On Affairs of the Heart
In the wake of several posts addressing the need for more dispassionate adherence to facts, figures, and documentable evidence, I am inspired to hold forth about the value of the wisdom of the heart and soul. Indeed, one of the factors that makes this site attractive is CM’s insistence that fact be separated from opinion, and that assertions of fact should be backed by the appropriate documentation. This is a laudable guideline when applied to energy and the economy, and perhaps a bit less so, to the environment. But I would argue that while it is useful, it is insufficient in itself in guiding us in our decisions regarding people. In the Community Forum, there’s been an interesting ongoing discussion of the framework necessary for a thriving community, and one of the [as yet] undisputed characteristics proposed is that the ideal community is of human scale. The need for human scale is evident in the ineffectiveness of our [U.S.] federal government in meeting the needs of individuals and families . . . . . . The scale is wrong. . . . . . massive programs are simply of the wrong scale to deliver the goods that nurture the heart and soul . . . . . . . . and what differentiates us from a highly developed form of AI*, if not the heart and soul of man?
All of that is just so much rhetoric, so, at the risk of hearing the collective groans of those hearing yet another Tale of the ICU, I offer the following:
Some years ago, I received a unique patient in the ICU at the community hospital where I worked. This case was right-up-my-alley, as the patient was completely atypical: she was only 19 years old, and though there were no known risk factors (such as birth control pills), she had suffered a massive left hemispheric stroke. For those without medical background, this usually means complete loss of the use of the right side of the body, as well as loss of receptive and expressive language skills (speech). (For those who are well versed in these things, she was right-handed). When the CAT scan films arrived, I put them up on the viewer, and literally gasped . . . . . . . . for all practical purposes, the entire left side of her cerebral cortex was gone . . . . . . the first question was “how did this happen?” The stroke was occlusive in nature, not hemorrhagic, so an aneurism was ruled out. Some kind of congenital anomaly could not be ruled out. There was a boyfriend with a violent history, but there was no physical trauma evident . . . . . It was just one of those mysteries that would never reveal its secrets.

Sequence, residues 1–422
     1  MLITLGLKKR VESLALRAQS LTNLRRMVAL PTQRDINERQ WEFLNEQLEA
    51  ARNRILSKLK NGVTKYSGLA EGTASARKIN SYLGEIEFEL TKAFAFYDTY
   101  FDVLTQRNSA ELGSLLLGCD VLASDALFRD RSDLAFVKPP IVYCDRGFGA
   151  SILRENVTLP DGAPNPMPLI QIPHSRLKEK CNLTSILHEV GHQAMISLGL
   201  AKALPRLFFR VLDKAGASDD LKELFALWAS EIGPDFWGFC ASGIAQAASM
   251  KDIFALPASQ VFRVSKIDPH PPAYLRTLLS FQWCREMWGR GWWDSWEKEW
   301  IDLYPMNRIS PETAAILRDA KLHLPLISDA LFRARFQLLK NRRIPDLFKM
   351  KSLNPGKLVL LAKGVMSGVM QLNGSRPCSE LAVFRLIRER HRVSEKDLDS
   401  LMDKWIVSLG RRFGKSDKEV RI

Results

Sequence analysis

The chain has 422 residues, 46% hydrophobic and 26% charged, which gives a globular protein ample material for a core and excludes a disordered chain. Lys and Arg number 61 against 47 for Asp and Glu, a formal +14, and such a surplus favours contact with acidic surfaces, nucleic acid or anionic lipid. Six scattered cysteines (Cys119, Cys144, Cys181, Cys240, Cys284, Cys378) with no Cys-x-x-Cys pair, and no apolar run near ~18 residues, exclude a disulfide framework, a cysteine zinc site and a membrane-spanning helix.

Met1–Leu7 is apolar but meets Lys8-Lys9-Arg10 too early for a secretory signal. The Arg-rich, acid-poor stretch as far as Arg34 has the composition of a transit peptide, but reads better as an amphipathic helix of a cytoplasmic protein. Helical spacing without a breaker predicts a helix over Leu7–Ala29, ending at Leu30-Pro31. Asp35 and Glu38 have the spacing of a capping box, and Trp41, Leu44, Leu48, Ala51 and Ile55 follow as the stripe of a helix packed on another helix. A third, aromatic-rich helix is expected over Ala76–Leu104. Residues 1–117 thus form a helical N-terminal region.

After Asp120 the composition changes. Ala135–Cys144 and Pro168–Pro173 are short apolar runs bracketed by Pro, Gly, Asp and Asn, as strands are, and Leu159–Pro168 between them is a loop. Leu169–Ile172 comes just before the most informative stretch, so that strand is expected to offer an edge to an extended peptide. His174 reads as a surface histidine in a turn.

Needless to say, this young woman was in dire straits . . . . . she was hemodynamically unstable, unresponsive, and her pupils were fixed and dilated (a condition associated with severe brain damage and/or brain death). As no two patients are the same, this one was unusual in that, though comatose, her eyes remained open . . . . . . but fixed and dilated. Even for a seasoned ICU nurse, it was a bit eerie.
As always, I continued to talk with the patient, with little hope that she could hear me, offering comfort and encouragement, and letting her know what I was doing. As I moved around the room, her open eyes were fixed, that is to say, they did not “track” me around the room. Her pupils were huge and black, nearly completely obscuring the color of her irises. As I would pass in front of her line of sight, as it were, though there were no outward signs of it, I had the eerie and distinct sense that she could see me. Try as I might, with all my training in objective assessment, I could not find a shred of documentable evidence that this was so. But going on my gut, I would position myself in her line of sight when I spoke to her in earnest.
As fate would have it, one evening, on my initial assessment, I found the technical data on this young lady indicating that she was dehydrated, and concerned about the perfusion to her already traumatized brain, I called the intensivist. It wasn’t like him to inadvertently allow his patients to be inadequately hydrated, so I shouldn’t have been surprised when he told me that he wanted her “dry”, to ensure that her organs were not spoiled by overhydration, since he planned to harvest her organs soon. Well, that took me back a step, and gathering my thoughts, I stumbled forth with: “Doctor [Name Withheld], I have nothing but my gut to base this on, but though her eyes do not track, and her pupils are fixed and dilated, when I walk in the path of her line of sight, I sense that she sees me.” The line was silent, so I leapt into the breach, saying, “I’m basing this entirely on my gut, but I’ll stake my reputation on the assertion that this patient is nowhere close to brain dead.” This was our premier intensivist, and I secretly wondered whether I had just killed my career . . . . . . the line was silent for what seemed like forever, and then: “OK, I’ll give you three days”. Well, that was all this crusty old nurse needed. I related the story to my colleagues, and we went to work . . . . . . within the requisite three days we demonstrated a sufficient response that the intensivist, who was supremely competent, was fully onboard. I knew that half the battle was won . . . . . . .
About a month later, needing to move to the day shift, I had filled a slot on the stepdown unit, and was delighted to hear that my patient had followed me. She had been to Hell and back, and still had a tracheostomy and paralysis of the right side. It was assumed that she could not speak, though that could not be confirmed due to the tracheostomy, which bypasses the larynx, precluding utterance.